Suffolk Punch: The Suffolk is the oldest of Great
Britain’s heavy breeds, and can be traced back to the stallion #404 born in 1768. This prepotent stallion was owned by Thomas Crisp and was used in the Woodbridge, Saxmundham and Framlingham areas. The horse was never named, and was simply known as
"Crisp's horse". The Suffolk Horse Society, formed in Britain in 1877 to promote the Suffolk breed, published its first stud book in 1880.
The breed is nicknamed the "Suffolk Punch" because of its short legged, barrel body type. The Suffolk farmer used his horses to till and harvest his own lands, so seldom did he have horses to sell. This not only kept the breed relatively unknown but also pure, remaining unchanged and true to his original purpose, which was to work the heavy clay soil of East Anglia.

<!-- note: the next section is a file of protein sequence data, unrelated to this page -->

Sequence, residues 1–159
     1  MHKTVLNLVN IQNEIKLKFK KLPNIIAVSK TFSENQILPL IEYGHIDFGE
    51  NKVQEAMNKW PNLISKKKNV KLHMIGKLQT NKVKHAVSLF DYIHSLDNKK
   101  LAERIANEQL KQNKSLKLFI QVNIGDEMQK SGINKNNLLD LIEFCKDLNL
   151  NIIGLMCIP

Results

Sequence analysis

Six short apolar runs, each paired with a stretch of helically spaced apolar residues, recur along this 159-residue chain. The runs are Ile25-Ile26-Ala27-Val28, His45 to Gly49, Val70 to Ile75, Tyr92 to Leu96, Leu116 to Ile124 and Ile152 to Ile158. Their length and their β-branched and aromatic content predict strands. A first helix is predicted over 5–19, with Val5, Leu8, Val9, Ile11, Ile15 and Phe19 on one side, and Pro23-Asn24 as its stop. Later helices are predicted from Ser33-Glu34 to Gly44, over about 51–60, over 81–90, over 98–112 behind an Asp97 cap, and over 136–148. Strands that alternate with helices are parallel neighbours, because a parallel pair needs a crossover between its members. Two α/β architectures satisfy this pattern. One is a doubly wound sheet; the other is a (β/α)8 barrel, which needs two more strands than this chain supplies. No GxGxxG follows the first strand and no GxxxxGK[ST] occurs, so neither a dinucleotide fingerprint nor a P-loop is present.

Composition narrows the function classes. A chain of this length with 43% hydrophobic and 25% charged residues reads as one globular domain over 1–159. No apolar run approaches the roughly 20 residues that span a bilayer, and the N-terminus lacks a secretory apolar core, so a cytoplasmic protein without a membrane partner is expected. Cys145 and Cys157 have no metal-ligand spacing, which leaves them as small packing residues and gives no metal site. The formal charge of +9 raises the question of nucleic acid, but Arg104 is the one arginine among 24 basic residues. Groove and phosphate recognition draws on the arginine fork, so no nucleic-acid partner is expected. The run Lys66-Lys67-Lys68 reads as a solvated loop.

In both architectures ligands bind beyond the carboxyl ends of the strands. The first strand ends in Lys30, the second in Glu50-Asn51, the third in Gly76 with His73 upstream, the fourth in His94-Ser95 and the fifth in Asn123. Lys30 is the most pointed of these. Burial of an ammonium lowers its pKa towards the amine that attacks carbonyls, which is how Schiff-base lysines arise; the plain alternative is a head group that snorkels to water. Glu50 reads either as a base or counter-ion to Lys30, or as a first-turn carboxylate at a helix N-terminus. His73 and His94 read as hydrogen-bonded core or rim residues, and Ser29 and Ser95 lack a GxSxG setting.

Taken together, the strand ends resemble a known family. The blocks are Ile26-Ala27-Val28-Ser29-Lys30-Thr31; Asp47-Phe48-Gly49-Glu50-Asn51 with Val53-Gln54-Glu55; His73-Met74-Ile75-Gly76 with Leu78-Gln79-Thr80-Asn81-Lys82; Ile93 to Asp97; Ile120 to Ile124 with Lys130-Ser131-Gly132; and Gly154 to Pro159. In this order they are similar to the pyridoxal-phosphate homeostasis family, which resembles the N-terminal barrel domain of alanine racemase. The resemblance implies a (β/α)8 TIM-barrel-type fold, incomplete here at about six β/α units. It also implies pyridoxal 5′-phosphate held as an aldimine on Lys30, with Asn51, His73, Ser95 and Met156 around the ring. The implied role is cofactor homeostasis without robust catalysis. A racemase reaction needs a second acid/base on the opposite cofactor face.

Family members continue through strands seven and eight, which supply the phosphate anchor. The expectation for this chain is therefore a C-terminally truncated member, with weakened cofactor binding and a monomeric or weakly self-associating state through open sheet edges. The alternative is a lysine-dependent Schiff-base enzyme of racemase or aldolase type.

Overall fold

The average height is 16 to 16.3 hands tall, but stallions may be 17 hands or taller and individuals can weigh up to a ton. The Suffolk is a unique breed in that their only color is chestnut, ranging in shade from light golden to the dark liver, with bright chestnut being the most common. White markings occur, but in general are not as prominent as in other breeds, most of them being confined to a star or snip and white ankles or fetlocks. No other color is admissible to registry in the Stud Book. The Suffolk is a horse of great endurance and easy temperament.
Although the breed's status is listed as critical by the UK Rare Breeds Survival Trust and the American Livestock Breeds Conservancy, there has been a resurgence in interest, and population numbers are increasing.
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